"survival challenge" anyone?

Useful information that may come in handy in an emergency situation. It can be hiking related or any other area of every day life situations. Icestorms, huricanes, tornados, floods etc.
oops56
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Re: "survival challenge" anyone?

Postby oops56 » Sat Apr 23, 2011 12:05 pm

well survival cant do it here i wrote about it for me here then i crash it so back later. :( :(
ok back the only one for car winter is extra warm clothes case need to walk home if car brake down about 4 mile walk.for the house i have 3 weeks or so for food oh 20 lbs rice :lol: got all the stoves i need plus fuel.Also think solar cooking yesterday i had 3 solar cooking ovens going cook rice in one bake potato in one and chicken legs in other took about 4 1/2 hours at 225F was ready for supper.also i just getting into growing sprouts.my hot water heater has 60gal so that good for a bit plus i got a under ground water comes in the cellar. i am working on my bug out bag keep in the shop grab and load in car and go somewhere :) :) well there more but i am all set for now oh i never get lost in the woods just go in so cars cant see me to old to hike anymore or hunt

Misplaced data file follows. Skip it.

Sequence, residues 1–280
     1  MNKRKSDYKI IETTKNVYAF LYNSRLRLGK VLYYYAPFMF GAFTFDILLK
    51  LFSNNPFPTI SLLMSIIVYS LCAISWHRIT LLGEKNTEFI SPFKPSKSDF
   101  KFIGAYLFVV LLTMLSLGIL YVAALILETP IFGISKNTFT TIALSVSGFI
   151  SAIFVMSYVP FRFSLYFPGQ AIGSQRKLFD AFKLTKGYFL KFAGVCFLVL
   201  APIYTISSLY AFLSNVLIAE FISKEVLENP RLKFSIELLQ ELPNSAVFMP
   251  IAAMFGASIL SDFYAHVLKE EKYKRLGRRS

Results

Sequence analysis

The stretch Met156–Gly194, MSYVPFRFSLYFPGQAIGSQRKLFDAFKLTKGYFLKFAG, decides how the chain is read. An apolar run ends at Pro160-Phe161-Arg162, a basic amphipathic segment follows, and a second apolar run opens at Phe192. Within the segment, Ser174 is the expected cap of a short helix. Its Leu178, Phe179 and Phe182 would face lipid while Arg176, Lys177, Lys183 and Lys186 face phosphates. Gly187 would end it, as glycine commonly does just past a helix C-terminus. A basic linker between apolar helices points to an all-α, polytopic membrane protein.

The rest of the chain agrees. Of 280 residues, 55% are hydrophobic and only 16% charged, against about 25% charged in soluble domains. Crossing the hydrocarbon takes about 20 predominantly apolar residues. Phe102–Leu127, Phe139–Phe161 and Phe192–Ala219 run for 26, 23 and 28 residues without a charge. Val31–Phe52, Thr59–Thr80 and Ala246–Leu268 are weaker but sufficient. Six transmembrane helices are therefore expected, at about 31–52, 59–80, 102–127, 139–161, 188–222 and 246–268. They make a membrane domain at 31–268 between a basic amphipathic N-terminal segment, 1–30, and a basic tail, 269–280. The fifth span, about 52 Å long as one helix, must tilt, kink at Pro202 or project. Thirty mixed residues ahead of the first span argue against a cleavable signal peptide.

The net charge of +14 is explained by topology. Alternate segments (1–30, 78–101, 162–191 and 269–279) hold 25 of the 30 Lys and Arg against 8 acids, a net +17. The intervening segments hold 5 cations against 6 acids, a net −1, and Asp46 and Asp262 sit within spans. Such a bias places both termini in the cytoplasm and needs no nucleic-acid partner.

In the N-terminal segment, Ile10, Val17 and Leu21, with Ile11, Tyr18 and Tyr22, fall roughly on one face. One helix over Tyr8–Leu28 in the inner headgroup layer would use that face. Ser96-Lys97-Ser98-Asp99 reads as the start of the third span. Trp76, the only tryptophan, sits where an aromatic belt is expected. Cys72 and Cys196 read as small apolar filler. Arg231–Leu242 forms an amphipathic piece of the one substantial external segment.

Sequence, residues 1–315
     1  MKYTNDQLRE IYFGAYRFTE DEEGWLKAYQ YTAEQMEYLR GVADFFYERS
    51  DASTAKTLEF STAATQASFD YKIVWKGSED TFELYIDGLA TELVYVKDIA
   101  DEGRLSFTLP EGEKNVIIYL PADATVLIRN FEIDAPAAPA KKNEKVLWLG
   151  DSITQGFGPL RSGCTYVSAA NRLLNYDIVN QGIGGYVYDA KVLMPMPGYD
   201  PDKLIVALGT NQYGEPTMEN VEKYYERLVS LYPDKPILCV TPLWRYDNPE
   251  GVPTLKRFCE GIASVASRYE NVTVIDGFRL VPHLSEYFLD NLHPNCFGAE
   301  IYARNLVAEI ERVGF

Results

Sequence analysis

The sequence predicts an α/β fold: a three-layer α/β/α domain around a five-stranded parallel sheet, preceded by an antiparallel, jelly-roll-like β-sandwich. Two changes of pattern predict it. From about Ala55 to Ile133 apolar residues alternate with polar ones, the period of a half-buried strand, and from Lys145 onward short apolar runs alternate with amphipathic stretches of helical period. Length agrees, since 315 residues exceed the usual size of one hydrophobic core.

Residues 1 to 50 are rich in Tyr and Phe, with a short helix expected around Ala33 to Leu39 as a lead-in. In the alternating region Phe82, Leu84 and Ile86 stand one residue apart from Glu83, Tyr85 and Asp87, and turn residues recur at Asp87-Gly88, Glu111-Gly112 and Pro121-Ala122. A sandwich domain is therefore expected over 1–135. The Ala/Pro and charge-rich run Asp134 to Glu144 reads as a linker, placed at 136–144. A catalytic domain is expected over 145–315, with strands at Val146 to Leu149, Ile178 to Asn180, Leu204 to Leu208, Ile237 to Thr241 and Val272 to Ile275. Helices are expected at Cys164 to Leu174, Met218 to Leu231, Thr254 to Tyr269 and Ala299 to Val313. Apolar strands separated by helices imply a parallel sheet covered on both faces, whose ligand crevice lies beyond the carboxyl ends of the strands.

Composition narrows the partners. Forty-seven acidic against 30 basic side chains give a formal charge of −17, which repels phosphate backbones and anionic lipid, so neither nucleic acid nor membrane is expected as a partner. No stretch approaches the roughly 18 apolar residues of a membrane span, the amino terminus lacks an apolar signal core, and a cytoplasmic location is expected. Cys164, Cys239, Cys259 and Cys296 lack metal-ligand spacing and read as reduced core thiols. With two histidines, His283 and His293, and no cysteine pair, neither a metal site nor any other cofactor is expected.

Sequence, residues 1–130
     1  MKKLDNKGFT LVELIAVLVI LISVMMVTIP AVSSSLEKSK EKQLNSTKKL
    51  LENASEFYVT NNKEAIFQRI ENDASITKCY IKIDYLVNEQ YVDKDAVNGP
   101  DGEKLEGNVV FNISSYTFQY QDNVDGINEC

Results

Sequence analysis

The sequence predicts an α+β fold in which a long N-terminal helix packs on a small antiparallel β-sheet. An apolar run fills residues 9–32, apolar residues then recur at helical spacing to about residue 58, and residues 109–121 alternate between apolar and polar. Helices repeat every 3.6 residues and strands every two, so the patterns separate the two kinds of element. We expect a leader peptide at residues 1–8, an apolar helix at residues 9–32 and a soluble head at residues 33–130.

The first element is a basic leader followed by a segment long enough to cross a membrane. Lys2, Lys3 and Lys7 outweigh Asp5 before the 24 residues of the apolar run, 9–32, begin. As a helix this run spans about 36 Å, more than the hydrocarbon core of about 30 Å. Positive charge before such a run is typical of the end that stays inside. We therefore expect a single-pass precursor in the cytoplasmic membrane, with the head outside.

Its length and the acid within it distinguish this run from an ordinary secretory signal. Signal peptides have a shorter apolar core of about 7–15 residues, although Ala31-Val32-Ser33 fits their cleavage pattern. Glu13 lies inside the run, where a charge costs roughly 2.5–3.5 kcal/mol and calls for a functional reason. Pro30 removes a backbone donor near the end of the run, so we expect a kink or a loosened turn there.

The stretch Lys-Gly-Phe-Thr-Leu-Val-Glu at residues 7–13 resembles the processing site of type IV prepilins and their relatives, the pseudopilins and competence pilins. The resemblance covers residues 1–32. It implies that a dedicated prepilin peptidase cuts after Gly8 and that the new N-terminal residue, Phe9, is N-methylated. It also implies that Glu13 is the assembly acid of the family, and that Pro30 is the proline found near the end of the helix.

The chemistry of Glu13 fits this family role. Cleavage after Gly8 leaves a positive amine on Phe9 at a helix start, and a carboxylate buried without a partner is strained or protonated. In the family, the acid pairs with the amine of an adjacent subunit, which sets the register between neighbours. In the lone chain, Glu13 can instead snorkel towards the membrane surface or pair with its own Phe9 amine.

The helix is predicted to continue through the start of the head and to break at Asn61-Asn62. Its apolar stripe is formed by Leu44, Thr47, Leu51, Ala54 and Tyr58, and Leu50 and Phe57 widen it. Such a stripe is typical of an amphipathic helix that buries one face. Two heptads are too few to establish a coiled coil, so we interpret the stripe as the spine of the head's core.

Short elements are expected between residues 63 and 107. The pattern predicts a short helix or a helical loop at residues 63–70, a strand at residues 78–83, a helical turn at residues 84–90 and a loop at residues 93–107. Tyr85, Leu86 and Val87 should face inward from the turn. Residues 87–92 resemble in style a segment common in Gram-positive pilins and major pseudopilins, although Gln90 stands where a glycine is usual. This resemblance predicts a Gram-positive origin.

Last edited by oops56 on Sat Apr 23, 2011 12:27 pm, edited 1 time in total.
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ConnieD
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Re: "survival challenge" anyone?

Postby ConnieD » Sat Apr 23, 2011 12:18 pm

I'll see, if this works.

I uploaded this 10 MB video to Photobucket: mouseclick on the picture.

Image

The first "station wagon bag" at the top right has salmon and such packed in foil pouches. The one below, has soup packets. Next, dried fruit and nuts, followed by add-hot-water tortellini, potatos, and rice side dishes. The last, has ready-to-eat pouches of rice or rice and beans. The "cooler" has Indian cuisine meals. The kitchen counter has odds-and-ends and my vacuum pak.

I am inexperienced at making internet video. I will see if I can make a better video.
Last edited by ConnieD on Sat Apr 23, 2011 1:15 pm, edited 1 time in total.

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cadyak
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Re: "survival challenge" anyone?